Once in a blue moon the New York Times editorial board and the American Civil Liberties Union step outside of their usual ideological comfort zone and stand up for the equal application of the law. This happened recently when both left-wing progressive organizations, in a rare show of principle, defended the right of an avid Trump supporter to display banners on a fence outside the house where she lives, despite the banners’ crude language denouncing President Biden.
The Times’ editors and the New Jersey affiliate of the ACLU objected to efforts by Roselle Park, New Jersey town officials to force a woman to remove certain banners they found offensive. The officials claimed that neighbors had complained about the crude language on the banners. They also expressed concern that children walking by the house to a nearby school could be exposed to the profanity. The officials issued the woman’s mother, who owns the house, a summons to appear in borough court for violating a local obscenity ordinance. The owner faced daily fines if she did not take the offending banners down.
The judge who first heard the case sided with the town, asserting that “Freedom of speech is not simply an absolute right.” He added that “the case is not a case about politics. It is a case, pure and simple, about language.”
This local judge either did not do any research before issuing his ludicrous ruling or he decided that he could override the U.S. Supreme Court. The Supreme Court ruled decades ago that the use of the same crude word displayed on the banners was constitutionally protected under the First Amendment in the context of political speech, whether or not some people found the word offensive.
After the New Jersey ACLU affiliate joined the case on the Biden basher’s behalf, the town retreated. The state Superior Court of New Jersey then dismissed the town’s charges. “The First Amendment exists specifically to make sure people can express strong opinions on political issues, or any other matter, without fear of punishment by the government,” Amol Sinha, the executive director of the ACLU’s New Jersey chapter, said.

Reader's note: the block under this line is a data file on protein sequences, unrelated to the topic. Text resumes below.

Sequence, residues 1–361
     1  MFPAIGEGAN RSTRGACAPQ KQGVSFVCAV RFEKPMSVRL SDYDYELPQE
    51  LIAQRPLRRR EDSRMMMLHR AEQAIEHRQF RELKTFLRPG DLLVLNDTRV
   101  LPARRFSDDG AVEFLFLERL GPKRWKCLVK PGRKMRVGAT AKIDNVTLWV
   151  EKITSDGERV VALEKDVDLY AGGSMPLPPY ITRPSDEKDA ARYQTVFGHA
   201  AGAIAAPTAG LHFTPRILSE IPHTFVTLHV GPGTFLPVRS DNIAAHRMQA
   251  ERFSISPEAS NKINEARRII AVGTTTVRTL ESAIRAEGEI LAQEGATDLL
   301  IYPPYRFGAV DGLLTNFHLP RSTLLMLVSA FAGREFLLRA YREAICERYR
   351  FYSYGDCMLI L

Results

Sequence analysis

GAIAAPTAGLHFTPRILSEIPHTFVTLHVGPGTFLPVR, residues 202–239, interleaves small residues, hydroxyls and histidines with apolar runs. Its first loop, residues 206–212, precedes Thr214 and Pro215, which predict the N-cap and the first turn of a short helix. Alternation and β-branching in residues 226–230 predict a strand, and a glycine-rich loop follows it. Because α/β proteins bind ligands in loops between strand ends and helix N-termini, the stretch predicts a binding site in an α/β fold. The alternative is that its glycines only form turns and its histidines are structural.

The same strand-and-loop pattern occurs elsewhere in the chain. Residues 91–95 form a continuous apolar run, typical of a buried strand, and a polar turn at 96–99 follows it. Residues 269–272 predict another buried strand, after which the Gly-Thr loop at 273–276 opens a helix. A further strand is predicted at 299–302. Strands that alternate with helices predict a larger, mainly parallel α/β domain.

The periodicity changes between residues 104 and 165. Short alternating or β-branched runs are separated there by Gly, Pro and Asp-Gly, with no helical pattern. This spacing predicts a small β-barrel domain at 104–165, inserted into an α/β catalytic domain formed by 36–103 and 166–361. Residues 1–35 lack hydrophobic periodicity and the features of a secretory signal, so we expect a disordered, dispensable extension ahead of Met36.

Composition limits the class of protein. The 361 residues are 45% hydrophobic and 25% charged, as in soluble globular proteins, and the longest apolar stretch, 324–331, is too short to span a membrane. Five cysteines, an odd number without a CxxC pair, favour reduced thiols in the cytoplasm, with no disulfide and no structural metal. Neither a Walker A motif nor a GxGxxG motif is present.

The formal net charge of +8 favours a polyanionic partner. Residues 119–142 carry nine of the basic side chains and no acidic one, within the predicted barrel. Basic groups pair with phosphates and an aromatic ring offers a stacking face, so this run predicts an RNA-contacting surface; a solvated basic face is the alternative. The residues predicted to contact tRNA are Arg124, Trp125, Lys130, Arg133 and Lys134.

Good for Sinha. He bucked the ACLU’s national leadership, which has been devaluing the organization’s central historic mission to protect free speech. The ACLU’s national leadership showed its hand in a 2018 document entitled “ACLU Case Selection Guidelines: Conflicts Between Competing Values or Priorities.”
These guidelines questioned the ACLU’s historic commitment to protect freedom of speech in situations that “may raise tensions with racial justice, reproductive freedom, or a myriad of other rights, where the content of the speech we seek to protect conflicts with our policies on those matters, and/or otherwise is directed at menacing vulnerable groups or individuals.”
As Wendy Kaminer of the Wall Street Journal explained, “The speech-case guidelines reflect a demotion of free speech in the ACLU’s hierarchy of values. Their vague references to the ‘serious harm’ to ‘marginalized’ people occasioned by speech can easily include the presumed psychological effects of racist or otherwise hateful speech, which is constitutionally protected but contrary to ACLU values.”
“Where is the comparable set of guidelines explaining when the ACLU should decline to defend gay-rights claims that infringe on religious liberty or women’s-rights cases that infringe on due process?” Ms. Kaminer asked rhetorically.
As for the Roselle Park case, it never should have been brought in the first place. Even the New York Times acknowledged in its July 24th editorial, entitled “It Is Every American’s Right to Curse the President,” that the Trump supporter’s First Amendment rights were clearly violated in this case. “Americans, especially judges, have an obligation to know the law,” the New York Times editors wrote.
However, after this rare departure from leftist dogma, the New York Times editors returned to their left-wing ideological corner. The editors complained that “political violence, especially by right-wing extremists” had contributed to “a growing impatience with the distinction between speech and violence.” The editors skipped over the left-wing riots during the summer of 2020 that saw assaults, arson, destruction of property, attacks on federal government buildings, and looting.
The Times’ editors also reiterated their strong disagreement with the Supreme Court’s “view that corporate spending on political campaigns is a constitutionally protected form of free speech.” The editors are too self-involved to understand that it is fundamentally unfair to only protect the right of corporate media-owning giants to write or say anything they want about a political candidate while prohibiting other corporations from participating in the public conversation through campaign ads that express their political views.
The left-wing progressive New York Times and ACLU do not deserve the trust of fair-minded Americans. However, even a broken clock is right twice a day.
Photo: New York Post